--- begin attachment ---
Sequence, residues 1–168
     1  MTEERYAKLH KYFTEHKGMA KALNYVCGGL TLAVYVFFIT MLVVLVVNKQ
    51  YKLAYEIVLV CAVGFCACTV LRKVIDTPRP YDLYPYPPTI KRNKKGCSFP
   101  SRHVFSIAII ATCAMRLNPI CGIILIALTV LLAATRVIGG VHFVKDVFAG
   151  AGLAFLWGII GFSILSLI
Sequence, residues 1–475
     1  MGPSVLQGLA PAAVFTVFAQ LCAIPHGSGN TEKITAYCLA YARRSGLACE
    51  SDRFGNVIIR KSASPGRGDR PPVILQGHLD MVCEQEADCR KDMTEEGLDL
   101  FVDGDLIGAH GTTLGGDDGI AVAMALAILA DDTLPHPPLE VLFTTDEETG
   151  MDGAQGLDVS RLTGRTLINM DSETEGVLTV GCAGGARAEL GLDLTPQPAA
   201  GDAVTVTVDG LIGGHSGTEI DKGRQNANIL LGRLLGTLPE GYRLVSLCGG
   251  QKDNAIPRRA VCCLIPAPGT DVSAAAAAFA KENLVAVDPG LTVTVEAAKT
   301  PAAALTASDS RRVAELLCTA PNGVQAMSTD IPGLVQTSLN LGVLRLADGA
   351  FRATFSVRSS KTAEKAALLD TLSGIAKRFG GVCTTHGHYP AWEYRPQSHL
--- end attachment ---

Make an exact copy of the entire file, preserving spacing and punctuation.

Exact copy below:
Sequence, residues 1–168
     1  MTEERYAKLH KYFTEHKGMA KALNYVCGGL TLAVYVFFIT MLVVLVVNKQ
    51  YKLAYEIVLV CAVGFCACTV LRKVIDTPRP YDLYPYPPTI KRNKKGCSFP
   101  SRHVFSIAII ATCAMRLNPI CGIILIALTV LLAATRVIGG VHFVKDVFAG
   151  AGLAFLWGII GFSILSLI
Sequence, residues 1–475
     1  MGPSVLQGLA PAAVFTVFAQ LCAIPHGSGN TEKITAYCLA YARRSGLACE
    51  SDRFGNVIIR KSASPGRGDR PPVILQGHLD MVCEQEADCR KDMTEEGLDL
   101  FVDGDLIGAH GTTLGGDDGI AVAMALAILA DDTLPHPPLE VLFTTDEETG
   151  MDGAQGLDVS RLTGRTLINM DSETEGVLTV GCAGGARAEL GLDLTPQPAA
   201  GDAVTVTVDG LIGGHSGTEI DKGRQNANIL LGRLLGTLPE GYRLVSLCGG
   251  QKDNAIPRRA VCCLIPAPGT DVSAAAAAFA KENLVAVDPG LTVTVEAAKT
   301  PAAALTASDS RRVAELLCTA PNGVQAMSTD IPGLVQTSLN LGVLRLADGA
   351  FRATFSVRSS KTAEKAALLD TLSGIAKRFG GVCTTHGHYP AWEYRPQSHL